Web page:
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New Report Urges A Stop To Anti-Vape Hysteria – – VENTS Magazine



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Evidence, alarm, and the debate over e-cigarettes. That is the title of a new analysis published in the journal Science. The analysis was a collaboration of five prominent scientists from a range of disciplines and universities. Experts focused on the potential harm of the anti-vaping hysteria that has gripped the discussion in the latter half of 2019. As a result of the hysteria, several states have enacted vaping and flavor bans. The fear is that sweeping bans could prove detrimental to public health.

The Science vaping analysis concluded that if a significant number of Americans switched from smoking cigarettes to vaping nicotine, 1.6 million lives could be saved. Smoking still kills 480,000 Americans every year. This century, smoking will claim one billion lives around the world. The horrific death toll caused by smoking needs to be factored into any proposed vaping legislation.

  • “Restricting access and appeal among less harmful vaping products out of an abundance of caution while leaving deadly combustible products on the market does not protect public health. It threatens to derail a trend that could hasten the demise of cigarettes, poised to take a billion lives this century.” – From Evidence, Alarm, and the Debate Over E-cigarettes.

The analysis was published in response to the alarm raised over an outbreak of a mysterious lung illness that was attributed to vaping and to a dramatic increase in underage experimentation with vaping. The lung illness outbreak has since been traced to black-market THC products. The CDC has positively identified vitamin E acetate as the additive to THC oil that caused the outbreak of illnesses. Vitamin E acetate is not used in e-cigarettes or nicotine vape liquids.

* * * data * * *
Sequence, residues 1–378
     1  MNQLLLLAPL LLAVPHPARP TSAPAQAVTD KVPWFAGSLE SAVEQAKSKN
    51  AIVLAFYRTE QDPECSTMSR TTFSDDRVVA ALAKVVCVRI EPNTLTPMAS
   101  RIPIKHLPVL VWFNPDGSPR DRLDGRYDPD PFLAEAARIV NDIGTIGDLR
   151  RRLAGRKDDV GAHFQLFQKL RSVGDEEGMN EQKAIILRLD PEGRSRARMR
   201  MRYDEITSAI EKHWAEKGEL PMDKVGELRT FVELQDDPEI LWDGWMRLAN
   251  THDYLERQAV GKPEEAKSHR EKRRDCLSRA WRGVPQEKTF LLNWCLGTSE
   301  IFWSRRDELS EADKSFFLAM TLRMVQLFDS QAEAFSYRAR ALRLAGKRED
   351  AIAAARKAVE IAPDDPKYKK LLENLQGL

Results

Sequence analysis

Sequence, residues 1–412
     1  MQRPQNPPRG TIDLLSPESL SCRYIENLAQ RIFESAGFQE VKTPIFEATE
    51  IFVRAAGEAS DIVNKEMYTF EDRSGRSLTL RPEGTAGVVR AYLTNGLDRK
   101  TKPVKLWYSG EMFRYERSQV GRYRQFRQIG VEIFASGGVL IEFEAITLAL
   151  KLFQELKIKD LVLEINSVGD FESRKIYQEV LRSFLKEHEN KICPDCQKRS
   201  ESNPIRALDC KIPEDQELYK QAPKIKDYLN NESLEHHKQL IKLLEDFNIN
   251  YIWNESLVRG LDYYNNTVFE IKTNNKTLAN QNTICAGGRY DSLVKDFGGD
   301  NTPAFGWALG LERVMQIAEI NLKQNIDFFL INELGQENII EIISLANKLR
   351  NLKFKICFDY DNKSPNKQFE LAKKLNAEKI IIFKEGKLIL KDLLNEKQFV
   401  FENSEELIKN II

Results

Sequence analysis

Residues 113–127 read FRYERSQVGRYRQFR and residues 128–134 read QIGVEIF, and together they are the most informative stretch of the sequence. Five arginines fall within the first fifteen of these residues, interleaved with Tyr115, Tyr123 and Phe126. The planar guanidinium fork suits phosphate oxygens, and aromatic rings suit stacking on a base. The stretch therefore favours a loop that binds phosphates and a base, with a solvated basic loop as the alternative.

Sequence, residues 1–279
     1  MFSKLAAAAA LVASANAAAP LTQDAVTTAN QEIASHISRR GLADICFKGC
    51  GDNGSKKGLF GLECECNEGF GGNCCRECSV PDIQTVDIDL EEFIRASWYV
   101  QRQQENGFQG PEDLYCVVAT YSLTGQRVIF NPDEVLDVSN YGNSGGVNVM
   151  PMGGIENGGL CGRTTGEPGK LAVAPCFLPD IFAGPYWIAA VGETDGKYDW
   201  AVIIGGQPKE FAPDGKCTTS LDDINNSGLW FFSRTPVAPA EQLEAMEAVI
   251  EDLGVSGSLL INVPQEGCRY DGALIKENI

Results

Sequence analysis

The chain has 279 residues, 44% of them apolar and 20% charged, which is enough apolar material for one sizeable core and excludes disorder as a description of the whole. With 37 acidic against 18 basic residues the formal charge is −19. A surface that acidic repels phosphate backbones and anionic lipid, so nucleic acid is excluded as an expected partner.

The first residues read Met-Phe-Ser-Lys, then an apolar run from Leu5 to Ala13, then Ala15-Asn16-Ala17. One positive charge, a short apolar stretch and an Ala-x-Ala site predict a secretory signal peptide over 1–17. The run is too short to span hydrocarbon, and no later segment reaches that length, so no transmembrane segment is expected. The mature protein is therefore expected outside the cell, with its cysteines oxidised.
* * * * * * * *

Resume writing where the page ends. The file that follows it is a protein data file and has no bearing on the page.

However, the increase in underage vaping remains a serious concern. Underage past-30 day e-cigarette use rates among teens increased from 11% in 2017 to 28% in 2019. The analysis suggests that “threading the needle” between prevention and access is the key. The UK model is cited because while e-cigs are available to adult smokers, underage experimentation rates are stable. But, thus far in the United States the proposed solutions may do more harm than good.

On September 11, the President and Health and Human Services Secretary Alex Azar announced a ban on all flavored electronic cigarettes except for tobacco flavors. While the White House has since pulled back on a flavor ban, the ultimate outcome of national e-cigarette regulation is unknown. Despite a lack of final FDA guidance, many states enacted their own flavor bans. New York, Michigan Wisconsin, and others announced a ban on all vape flavors. Massachusetts Governor Charlie Baker enacted a complete ban on all vapor products. However, Governor Baker’s ban left cigarettes untouched. In New York, Governor Cuomo’s ban outlawed menthol-flavored e-cigs but left menthol cigarettes on the shelves. These are exactly the type of bans that are cause for concern according to the Science analysis.

  • “We share strong concern about the large surge in youth vaping (some call it an epidemic and point to studies of a possible but unproven causal gateway into smoking) and we promote harm minimization and management. Yet we suggest that careful analysis of all the data in context indicates that the net benefits of vaped nicotine products outweigh the feared harms to youth” From Science Evidence, Alarm, and the Debate Over E-cigarettes

The analysis revealed that while flavors may play a role in attracting underage experimentation, flavors are also vital to assist smokers to switch to vaping. While tobacco flavors are the usual starting point for a smoker switching to e-cigs, it is pointed out in the research that adult smokers generally transition to menthol and then to other flavors to help refrain from smoking cigarettes.

The Path Forward For Vaping